May 10, 2012
Henderson talks hockey, cancer and faith
By MORRIS DALLA COSTA, QMI Agency
LONDON, ONT. - Paul Henderson scored the biggest goal in Canadian hockey history.
His last minute goal against the Soviet Union in 1972 gave Canada a victory in the first series between the two teams. The series engaged a nation and made Henderson an instant superstar. It was the ultimate Canadian sports where-were-you moment.
On Thursday Henderson stood before almost 700 people at the London Christian Prayer Breakfast. It was a room full of people who actually remembered watching Henderson score. Henderson seized the opportunity to weave the history he is most known for, with the history he wants to be remembered for.
The goal made Henderson a hockey superstar in Canada. Many of the 700 people also came to see the Christian superstar.
Henderson spoke for almost 25 minutes on his faith, his becoming a Christian and how it has changed his life.
Not even cancer has made Henderson question that faith.
Henderson has lymphocytic lymphoma chronic leukemia. It's a slow moving cancer that was first diagnosed in November 2009.
"I'm full of cancer now," Henderson said. "I'm probably headed for chemotherapy very soon. As you can see, some of the lymph nodes are starting to get pretty big and I have some sizeable growths in my stomach . . . I wasn't looking to be the poster boy for cancer. My philosophy, don't let cancer ruin your life. You get up every day and use what you have and what time you have left."
Henderson didn't only score the winning goal in the last game, although that's what he's remembered for, he also scored the winning goal in the previous two games. He was the toast of a country. But there was something missing. The fame took over his life but he didn't handle it well. Fame is what most hockey players crave but Henderson was troubled by it.
"I had no spiritual dimension. Religion didn't do anything for me," Henderson said.
It took a mentor in 1972-73 to turn Henderson's life around. It was Mel Stevenson, a man who knocked on Henderson's door and wanted Henderson to do a hockey school with him.
"I asked him what did it pay," Henderson said. "Mel said, 'it's a Christian camp. We don't pay anything.'"
And with that Henderson's road to Christ began.
"He told me that I didn't seem satisfied, that I always looked on edge,' Henderson said. "No one told me that before."
It took two years for Henderson to be convinced there was a God.
"I always thought Christians were the weak people. When you can't make it in life then you have to ask God. I really prided myself on being a self-made man."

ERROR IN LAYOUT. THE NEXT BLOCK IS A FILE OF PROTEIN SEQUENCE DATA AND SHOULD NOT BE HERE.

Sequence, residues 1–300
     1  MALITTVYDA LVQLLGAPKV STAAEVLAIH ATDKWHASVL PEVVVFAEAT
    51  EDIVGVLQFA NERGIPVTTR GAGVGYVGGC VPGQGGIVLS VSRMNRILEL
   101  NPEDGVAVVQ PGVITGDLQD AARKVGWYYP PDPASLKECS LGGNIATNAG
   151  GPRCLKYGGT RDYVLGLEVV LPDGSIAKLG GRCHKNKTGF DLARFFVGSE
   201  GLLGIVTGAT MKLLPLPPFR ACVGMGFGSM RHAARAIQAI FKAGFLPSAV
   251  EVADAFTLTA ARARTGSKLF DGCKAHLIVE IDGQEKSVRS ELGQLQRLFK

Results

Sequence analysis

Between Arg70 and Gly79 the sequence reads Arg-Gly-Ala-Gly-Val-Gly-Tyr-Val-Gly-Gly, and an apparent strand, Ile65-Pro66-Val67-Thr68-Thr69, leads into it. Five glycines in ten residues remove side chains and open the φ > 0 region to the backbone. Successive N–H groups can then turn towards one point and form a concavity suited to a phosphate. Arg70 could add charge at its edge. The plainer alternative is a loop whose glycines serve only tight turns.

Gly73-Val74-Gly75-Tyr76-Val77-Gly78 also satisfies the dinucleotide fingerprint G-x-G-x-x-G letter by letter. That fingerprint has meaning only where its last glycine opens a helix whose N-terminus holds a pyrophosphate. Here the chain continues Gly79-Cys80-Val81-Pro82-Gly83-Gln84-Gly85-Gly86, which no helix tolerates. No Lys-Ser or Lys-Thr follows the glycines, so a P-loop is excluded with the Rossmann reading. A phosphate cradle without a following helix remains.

He became a Christian in 1975 and was determined to become a "Godly change agent." For the last 29 years he has been mentoring other men looking to understand Christianity.
Henderson says "there is no wrinkle-free life." His faith has helped him through health issues that almost took his wife Eleanor's wife and helps him get through his battle with cancer.
"It took me two years but I had all my questions answered and I haven't taken a step back since," Henderson said.
It wasn't easy showing your Christian side in professional hockey back when Henderson was playing.
"It's a lot easier now," Henderson said. "There are a lot of high profile Christians, Mike Gartner, Mark Osborne, Laurie Boschman, Ronnie Ellis, Mike Fisher today. There are lots of guys who are very, very strong. Now there are chapels (in the rinks.) We never had any chapels. Most NHL teams including the Leafs, have a chapel."
Henderson estimates he knows 28 or 30 high-profile Christian NHLers now.
Despite his illness Henderson says he has no plans to retire from mentoring men.
"I'm going to die someday. Everyone is going to die someday," Henderson continued. "I'm 69 and can't think of anyone who is more fortunate than myself. The bible says not to worry so I don't. I just get up in the morning and ask God for help to get through the day. If tomorrow shows up then I'll take the same shot tomorrow."
In the ultimate statement Henderson alludes to the peace his faith has brought him.
"Right now, I would not trade places with anyone in this world," he said.
Excerpts from Paul Henderson's speech On his 1972 goal: "I enjoy speaking to an older crowd. At least some of you were alive in 1972 when I scored the goal. Now I go to schools and kids say, 'who is that old goat?'"
On the sweater he wore in 1972: "If you have any gets that ever get to the NHL, play in a big series and score a big goal, tell them not to give their sweater away. I had an excuse. I had six concussions." The sweater sold for $1.27 million.
On former Leaf owner Harold Ballard: "I left for the WHA to get away from Harold Ballard. It was one of the best moves I ever made . . . But after I became a Christian I sent him a letter of apology for all the bad things I said and thought of him." Henderson got no response but harbours "no bitterness or anger."
On his diagnosis with cancer: "It was just a punch in the stomach . . . But never had angst or fear about this. Am I looking forward to dying, no not really? Is it worsening . . . yes. But when you have hope and peace, you can handle anything."